The nature of education, work, life, and civic engagement is changing in our increasingly competitive and globally interconnected world. Unfortunately, most high schools in the United States have not kept pace with these changes. Studies such as the Trends in International Mathematics and Science and the Programme for International Student Assessment demonstrate the United States does not fare as well as some other developed countries in preparing students with skills critical to success in this century.
Creating high schools that truly will improve learning demands a clear understanding of the knowledge, skills, and attributes that are increasingly important for every high school graduate. Today’s graduates need to be critical thinkers, problem solvers, and effective communicators who are proficient in both core subjects and new, 21st-century content and skills. Every school in America must prepare its graduates to thrive in the 21st century, whether they go on to college, career preparation, or the workplace.
This is an ambitious goal. Yet America must focus on achieving the results that matter–21st-century skills integrated with core academic subjects–to meet the significant educational and economic challenges we face in this century. The good news is that a growing movement is infusing 21st-century skills into education. The Partnership for 21st-Century Skills, a leading nonprofit advocacy organization consisting of 26 organizations and corporations, has developed a unified framework for 21st-century learning to strengthen America’s schools.
Besides the standard core subjects such as English, math, science, history, government, economics, art, and foreign languages, this framework also includes:
The Partnership’s members enthusiastically endorse this report and are committed to working with state and local leaders as they seek educational solutions relevant to their students, schools, and communities in the 21st century. We are pleased to share examples of how two states are implementing this vision.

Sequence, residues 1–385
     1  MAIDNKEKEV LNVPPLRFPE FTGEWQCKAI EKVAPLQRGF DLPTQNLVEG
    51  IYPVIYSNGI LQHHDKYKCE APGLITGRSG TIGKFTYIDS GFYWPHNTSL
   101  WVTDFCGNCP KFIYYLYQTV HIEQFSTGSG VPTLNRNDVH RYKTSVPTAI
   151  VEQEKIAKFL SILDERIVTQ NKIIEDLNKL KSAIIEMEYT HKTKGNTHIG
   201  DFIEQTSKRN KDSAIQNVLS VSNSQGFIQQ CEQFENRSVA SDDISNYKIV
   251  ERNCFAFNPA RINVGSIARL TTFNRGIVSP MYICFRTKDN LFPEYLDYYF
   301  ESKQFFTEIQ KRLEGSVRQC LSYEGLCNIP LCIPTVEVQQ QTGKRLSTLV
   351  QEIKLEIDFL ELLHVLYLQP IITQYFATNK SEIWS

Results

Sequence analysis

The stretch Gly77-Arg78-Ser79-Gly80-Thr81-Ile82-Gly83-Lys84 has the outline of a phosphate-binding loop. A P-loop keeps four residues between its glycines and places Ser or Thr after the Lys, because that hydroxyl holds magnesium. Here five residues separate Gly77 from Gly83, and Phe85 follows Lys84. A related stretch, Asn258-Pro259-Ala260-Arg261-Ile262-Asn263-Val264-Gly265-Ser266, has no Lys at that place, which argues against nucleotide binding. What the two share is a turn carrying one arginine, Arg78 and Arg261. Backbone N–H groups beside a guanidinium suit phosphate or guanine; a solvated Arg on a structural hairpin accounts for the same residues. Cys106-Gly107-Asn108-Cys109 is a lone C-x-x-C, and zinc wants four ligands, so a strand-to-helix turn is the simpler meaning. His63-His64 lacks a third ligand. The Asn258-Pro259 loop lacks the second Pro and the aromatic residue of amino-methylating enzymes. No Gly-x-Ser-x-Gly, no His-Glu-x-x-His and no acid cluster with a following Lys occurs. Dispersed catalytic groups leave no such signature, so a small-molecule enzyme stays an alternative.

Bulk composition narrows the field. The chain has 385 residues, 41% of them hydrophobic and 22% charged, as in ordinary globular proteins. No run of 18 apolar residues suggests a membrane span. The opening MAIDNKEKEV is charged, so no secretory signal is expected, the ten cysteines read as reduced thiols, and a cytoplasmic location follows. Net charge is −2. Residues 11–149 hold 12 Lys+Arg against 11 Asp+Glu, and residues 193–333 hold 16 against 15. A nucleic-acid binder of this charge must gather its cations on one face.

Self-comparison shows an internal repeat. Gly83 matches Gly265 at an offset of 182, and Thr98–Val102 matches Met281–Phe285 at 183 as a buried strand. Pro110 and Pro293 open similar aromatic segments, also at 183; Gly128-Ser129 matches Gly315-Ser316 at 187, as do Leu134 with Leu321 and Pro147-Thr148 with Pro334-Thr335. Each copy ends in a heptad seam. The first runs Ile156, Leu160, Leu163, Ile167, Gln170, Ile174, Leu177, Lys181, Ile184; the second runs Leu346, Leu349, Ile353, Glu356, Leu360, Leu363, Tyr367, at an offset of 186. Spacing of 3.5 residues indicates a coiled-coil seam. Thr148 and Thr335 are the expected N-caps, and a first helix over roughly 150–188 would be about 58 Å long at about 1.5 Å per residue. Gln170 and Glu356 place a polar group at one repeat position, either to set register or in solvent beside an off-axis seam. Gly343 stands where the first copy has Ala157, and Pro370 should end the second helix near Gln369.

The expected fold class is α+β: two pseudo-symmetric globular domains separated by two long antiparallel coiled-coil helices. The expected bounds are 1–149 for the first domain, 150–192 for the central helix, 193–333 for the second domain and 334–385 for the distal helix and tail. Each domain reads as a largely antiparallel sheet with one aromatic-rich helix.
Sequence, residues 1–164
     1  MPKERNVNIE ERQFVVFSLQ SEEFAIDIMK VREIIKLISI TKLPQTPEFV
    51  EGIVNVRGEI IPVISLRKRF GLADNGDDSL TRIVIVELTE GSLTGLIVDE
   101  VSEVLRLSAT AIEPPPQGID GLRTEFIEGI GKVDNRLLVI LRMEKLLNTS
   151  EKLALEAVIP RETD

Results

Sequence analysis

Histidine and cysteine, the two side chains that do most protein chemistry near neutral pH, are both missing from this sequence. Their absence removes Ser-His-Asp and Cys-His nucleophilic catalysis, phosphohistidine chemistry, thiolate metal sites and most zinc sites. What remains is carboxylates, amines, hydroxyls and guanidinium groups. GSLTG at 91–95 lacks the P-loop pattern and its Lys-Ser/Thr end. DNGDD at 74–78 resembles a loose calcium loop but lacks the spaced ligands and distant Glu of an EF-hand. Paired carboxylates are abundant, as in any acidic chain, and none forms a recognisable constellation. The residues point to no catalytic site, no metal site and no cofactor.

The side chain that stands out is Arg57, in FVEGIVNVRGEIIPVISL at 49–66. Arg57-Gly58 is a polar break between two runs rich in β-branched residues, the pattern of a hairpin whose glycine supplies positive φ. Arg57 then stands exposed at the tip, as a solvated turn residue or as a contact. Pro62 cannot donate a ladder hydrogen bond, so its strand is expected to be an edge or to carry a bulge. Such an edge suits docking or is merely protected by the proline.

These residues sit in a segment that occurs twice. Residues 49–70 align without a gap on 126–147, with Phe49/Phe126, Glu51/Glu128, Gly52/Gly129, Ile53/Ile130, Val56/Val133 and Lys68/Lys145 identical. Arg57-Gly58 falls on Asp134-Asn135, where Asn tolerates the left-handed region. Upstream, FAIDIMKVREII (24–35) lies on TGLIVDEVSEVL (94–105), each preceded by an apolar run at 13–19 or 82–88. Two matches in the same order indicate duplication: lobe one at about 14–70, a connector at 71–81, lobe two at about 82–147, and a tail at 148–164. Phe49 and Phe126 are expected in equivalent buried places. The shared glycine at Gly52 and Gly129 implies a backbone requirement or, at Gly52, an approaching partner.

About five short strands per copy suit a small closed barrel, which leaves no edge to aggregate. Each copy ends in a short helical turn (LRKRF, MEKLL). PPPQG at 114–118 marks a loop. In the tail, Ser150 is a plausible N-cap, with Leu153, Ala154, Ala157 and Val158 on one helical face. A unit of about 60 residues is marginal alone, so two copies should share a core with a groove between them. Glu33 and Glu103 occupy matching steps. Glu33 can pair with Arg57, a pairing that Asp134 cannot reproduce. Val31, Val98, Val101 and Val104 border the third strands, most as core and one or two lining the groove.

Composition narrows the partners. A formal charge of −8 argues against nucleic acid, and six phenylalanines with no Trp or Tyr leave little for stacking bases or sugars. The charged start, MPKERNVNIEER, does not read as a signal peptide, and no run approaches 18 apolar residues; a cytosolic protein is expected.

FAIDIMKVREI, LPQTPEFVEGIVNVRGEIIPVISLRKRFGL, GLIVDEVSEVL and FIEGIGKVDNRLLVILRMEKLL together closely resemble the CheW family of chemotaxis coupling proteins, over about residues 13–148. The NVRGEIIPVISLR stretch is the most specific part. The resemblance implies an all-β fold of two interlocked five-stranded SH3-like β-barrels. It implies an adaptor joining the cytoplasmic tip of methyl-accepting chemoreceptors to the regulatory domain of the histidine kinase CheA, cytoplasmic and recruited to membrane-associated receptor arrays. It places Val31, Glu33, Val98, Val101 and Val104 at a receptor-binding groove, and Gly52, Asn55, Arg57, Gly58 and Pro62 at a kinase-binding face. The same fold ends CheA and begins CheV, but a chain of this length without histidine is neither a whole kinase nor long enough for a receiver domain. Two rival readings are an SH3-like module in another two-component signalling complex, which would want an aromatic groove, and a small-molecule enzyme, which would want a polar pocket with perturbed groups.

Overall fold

In April 2005, North Carolina became our first state partner when Gov. Mike Easley created the nation’s first Center for 21st-Century Skills. Today, the Center is working with business leaders, educators, and policy makers statewide to ensure that high school students graduate with this new 21st-century skill set. Gov. Easley’s effort is focused on infusing the state’s curriculum, standards, assessment, and professional development with 21st-century skills.
West Virginia became our second state partner when Gov. Joe Manchin launched the West Virginia 21st-Century Skills Initiative in November. Under the leadership of State Superintendent Steve Paine, the West Virginia Department of Education is addressing the need for 21st-century skills by infusing them into the state’s standards, curriculum, and assessments as well as targeting funding for coaching and professional development to foster the change.
We encourage other states to join North Carolina and West Virginia in the critical mission of infusing 21st-century skills into every K-12 system. Local school leaders can also become involved:
We know 21st-century skills can be successfully infused into every classroom as we work with key state and local leaders to build consensus on what will best improve students’ success in work and life. We must leverage the learnings and framework of the Partnership and the member companies and organizations to work hand in hand in ensuring that every child in America is successful in the 21st century. We should expect no less.
John Wilson is executive director of the National Education Association, Karen Cator is director of education leadership and advocacy for Apple Computer, and Helen Soulé is executive director of Cable in the Classroom.